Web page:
Roland-Story gives Coach Maddie Gelber a memorable first season: Norsemen go 19-6, qualify for state
The Roland-Story girls basketball made first-year coach Maddie Gelber's first year at the head of the program a memorable one.
Gelber inherited the program from long-time successful coach Justin Morton, who took over during Gelber's senior year playing for the Norse in 2010-2011. With Illinois State recruit Reagan Barkema and fellow senior Reece Johnson leading the way Roland-Story went 19-6, placed second in the Heart of Iowa Conference and earned its third trip to the state tournament in four seasons.
"We had a bit of an up-and-down year but definitely had more up than down," Gelber said. "Any time you can end your season in Des Moines you have to feel good about what you accomplished. The kids earned everything they got. Nothing was given to them. They went out and took it."
Roland-Story opened the season with a 65-50 loss to Class 4A power Gilbert. The Norse bounced back to give Gelber her first win as the team's head coach three days later by crushing Greene County at home, 90-13.
The victory over Greene County sparked a four-game winning streak. Roland-Story also defeated Nevada (62-25), Perry (61-24) and Saydel (71-13). Grundy Center, a 2A powerhouse, defeated the Norse in non-conference play Dec. 16, 53-46, to end the streak.
The Norse won their final two games before Christmas over South Hamilton (62-50) and Prairie City-Monroe (61-23). They also prevailed in their first game back from break with a 54-32 victory over Iowa Falls-Alden Jan. 4.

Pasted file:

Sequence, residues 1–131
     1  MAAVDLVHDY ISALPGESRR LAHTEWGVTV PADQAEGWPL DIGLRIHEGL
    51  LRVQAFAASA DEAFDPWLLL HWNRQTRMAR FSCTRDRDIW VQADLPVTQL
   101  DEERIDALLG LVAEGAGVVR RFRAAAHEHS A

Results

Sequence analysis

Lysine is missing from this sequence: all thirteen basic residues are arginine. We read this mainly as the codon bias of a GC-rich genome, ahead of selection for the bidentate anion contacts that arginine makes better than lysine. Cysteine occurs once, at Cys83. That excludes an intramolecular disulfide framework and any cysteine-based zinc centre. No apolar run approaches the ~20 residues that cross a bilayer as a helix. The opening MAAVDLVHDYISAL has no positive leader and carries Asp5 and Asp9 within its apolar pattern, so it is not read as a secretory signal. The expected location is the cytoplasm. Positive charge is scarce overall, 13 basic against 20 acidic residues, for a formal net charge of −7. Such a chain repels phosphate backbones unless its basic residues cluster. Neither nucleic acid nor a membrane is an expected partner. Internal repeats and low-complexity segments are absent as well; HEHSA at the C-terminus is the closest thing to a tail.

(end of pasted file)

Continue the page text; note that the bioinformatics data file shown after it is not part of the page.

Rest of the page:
Eventual HOIC champion West Marshall knocked off Roland-Story Jan. 7 in Story City, 52-40. The Norse rebounded with another four-game winning streak, topping Southeast Valley (62-36), 3A power Clear Lake (36-34), Nevada (44-30) and South Hardin (59-36).
On June 24 Roland-Story traveled to Dike-New Hartford and fell to the eventual 2A state champions in overtime, 68-63. Gelber dubbed the game "a classic".
The Norse won their next five games. They defeated Perry (65-23), Greene County (69-16), Saydel (69-37), South Hamilton (62-38) and PCM (62-34).
West Marshall prevented Roland-Story from repeating as HOIC champions Feb. 8. The Trojans defeated the Norse at State Center, 43-32, to wrap-up the conference title.
But Roland-Story ended up having the last laugh against West Marshall.
After defeating South Tama (59-18) and Mount Vernon (40-29) in their 3A regional quarterfinal and semifinal games the Norse faced West Marshall in the regional finals at State Center for the right to go to state. With everything on the line Roland-Story played its best game of the season, trouncing the Trojans by a 63-35 score to punch their tickets to Wells Fargo Arena in Des Moines.
At state Roland-Story ran into a tough West Lyon team led by South Dakota recruit Brooklyn Meyer in the 3A quarterfinals. The Norse hung with the Wildcats for a half, but they were held to just three points over the final two quarters in a 38-23 loss.
"The win at Clear Lake, the all-time classic game we played with Dike and our regional final win were our biggest highlights," Gelber said. "Also getting the opportunity to play in Des Moines — that is always special."
Gelber said the team really started coming together late in the season after the offense started clicking.